Rows are inserted into Tables. Based on certain conditions, row insertion is possible to Views also.
Condition for INSERT to work on Views is that any of the following must not be present in the View.
INSERT INTO channels (channel_id ,channel_desc ,channel_class ,channel_class_id , channel_total ,channel_total_id) VALUES (3 ,'Direct Sales' ,'Direct' ,12 ,'Channel total' ,1); The following inserts one row, channel 5, in the channels table: INSERT INTO channels VALUES (5 ,'Catalog' ,'Indirect' ,13 ,'Channel total' ,1);
Example: Inserting row by copying existing data:
INSERT INTO regions (region_id ,region_name) SELECT region_seq.NEXTVAL , terr_name FROM territories@home_office WHERE class = 'R';
Most INSERT statements are the single-table variety, but Oracle also supports a multiple-table INSERT statement. You most frequently use multitable inserts in data warehouse Extract, Transform, and Load (ETL) routines.
With a multitable insert, you can make a single pass through the source data and load the data into more than one table. By reducing the number of passes through the source data, you can reduce the overall work and thus achieve faster throughput.
If a WHEN condition evaluates to TRUE, the corresponding INTO clause is executed. If no WHEN condition evaluates to TRUE, the ELSE clause is executed. The keyword ALL tells the database to check each WHEN condition. On the other hand, the keyword FIRST tells the database to stop checking WHEN conditions after finding the first TRUE condition.
In the following example, an insurance company has policies for both property and casualty in the policy table, but in their data mart, they break out these policy types into separate fact tables. During the monthly load, new policies are added to both the property_premium_fact and casualty_premium_fact tables. You can use a multitable INSERT to add these rows more efficiently than two separate INSERT statements. The multitable INSERT would look like this:
WHEN policy_type = 'P' THEN
INTO property_premium_fact(policy_id, policy_nbr, premium_amt)
VALUES (property_premium_seq.nextval, policy_number, gross_premium)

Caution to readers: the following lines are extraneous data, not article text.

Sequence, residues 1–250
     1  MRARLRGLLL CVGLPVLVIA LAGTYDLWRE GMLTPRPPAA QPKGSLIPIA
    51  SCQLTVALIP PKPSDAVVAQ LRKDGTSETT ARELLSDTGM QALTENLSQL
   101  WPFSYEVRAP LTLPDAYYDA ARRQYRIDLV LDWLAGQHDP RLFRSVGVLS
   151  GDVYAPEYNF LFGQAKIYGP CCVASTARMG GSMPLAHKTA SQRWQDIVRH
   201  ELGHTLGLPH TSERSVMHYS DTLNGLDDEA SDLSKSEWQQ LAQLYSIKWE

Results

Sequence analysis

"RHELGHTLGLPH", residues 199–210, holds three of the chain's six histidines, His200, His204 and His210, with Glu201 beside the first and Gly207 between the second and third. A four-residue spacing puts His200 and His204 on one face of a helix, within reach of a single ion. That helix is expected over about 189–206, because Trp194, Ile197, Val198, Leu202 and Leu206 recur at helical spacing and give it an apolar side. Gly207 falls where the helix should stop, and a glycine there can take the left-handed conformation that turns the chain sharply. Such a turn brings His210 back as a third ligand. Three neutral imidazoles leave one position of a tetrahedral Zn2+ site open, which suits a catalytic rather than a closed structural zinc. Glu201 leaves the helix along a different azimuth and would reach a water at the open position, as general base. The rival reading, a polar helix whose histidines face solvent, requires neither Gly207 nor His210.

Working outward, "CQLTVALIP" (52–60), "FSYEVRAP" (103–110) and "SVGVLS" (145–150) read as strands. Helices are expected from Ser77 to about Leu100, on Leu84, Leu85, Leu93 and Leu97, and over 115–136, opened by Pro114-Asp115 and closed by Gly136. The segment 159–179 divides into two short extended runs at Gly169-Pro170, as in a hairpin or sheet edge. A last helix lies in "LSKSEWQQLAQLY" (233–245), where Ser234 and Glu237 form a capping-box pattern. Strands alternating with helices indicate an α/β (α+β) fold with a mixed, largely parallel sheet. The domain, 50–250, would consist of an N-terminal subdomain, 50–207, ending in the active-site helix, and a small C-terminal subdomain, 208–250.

WHEN p.policy_type = 'C' THEN
INTO property_premium_fact(policy_id, policy_nbr,premium_amt)
VALUES (property_premium_seq.nextval, policy_number,gross_premium)
SELECT policy_nbr ,gross_premium ,policy_type
WHERE policy_date >= TRUNC(SYSDATE,'MM') - TO_YMINTERVAL('00-01');
UPDATE statement is used to change existing rows in a table.
The column list can be either a single column or a comma-delimited list of columns. A single list of columns lets you assign single values—either literals or from a subquery. The following updates customer XYZ’s phone and fax numbers, and sets their quantity based on their orders:
UPDATE order_rollup r
SET phone = '3125551212'
,fax = '7735551212'
,qty = (SELECT SUM(d.qty) FROM order_details d
WHERE d.customer_id = r.customer_id) WHERE r.customer_id = 'XYZ';
Like the CREATE TABLE and ALTER TABLE statements you saw in Chapter 6, when you use a comma-delimited list of columns, you must enclose them in parentheses. The comma-delimited list lets you assign multiple values from a subquery. The following updates both the quantity and price for customer XYZ for the order they placed on October 1, 2004:
SET (qty, price) = (SELECT SUM(qty), SUM(price) FROM order_details
WHERE customer_id = 'XYZ') WHERE customer_id = 'XYZ'
AND order_period = TO_DATE('01-Oct-2004');
Assigning multiple values from a single subquery can save you from having to perform multiple subqueries, thus improving the efficiency of your SQL.
Examples of a DELETE statement.
The following removes duplicate line_detail_ids. Note that the keyword FROM is not needed.
WHERE clause is optional and if not mentioned, all rows will be deleted.
TRUNCATE statement, an alternative to DELETE is for deleting rows, without generating undo.
As the undo data is not generated, TRUNCATE is faster and efficient.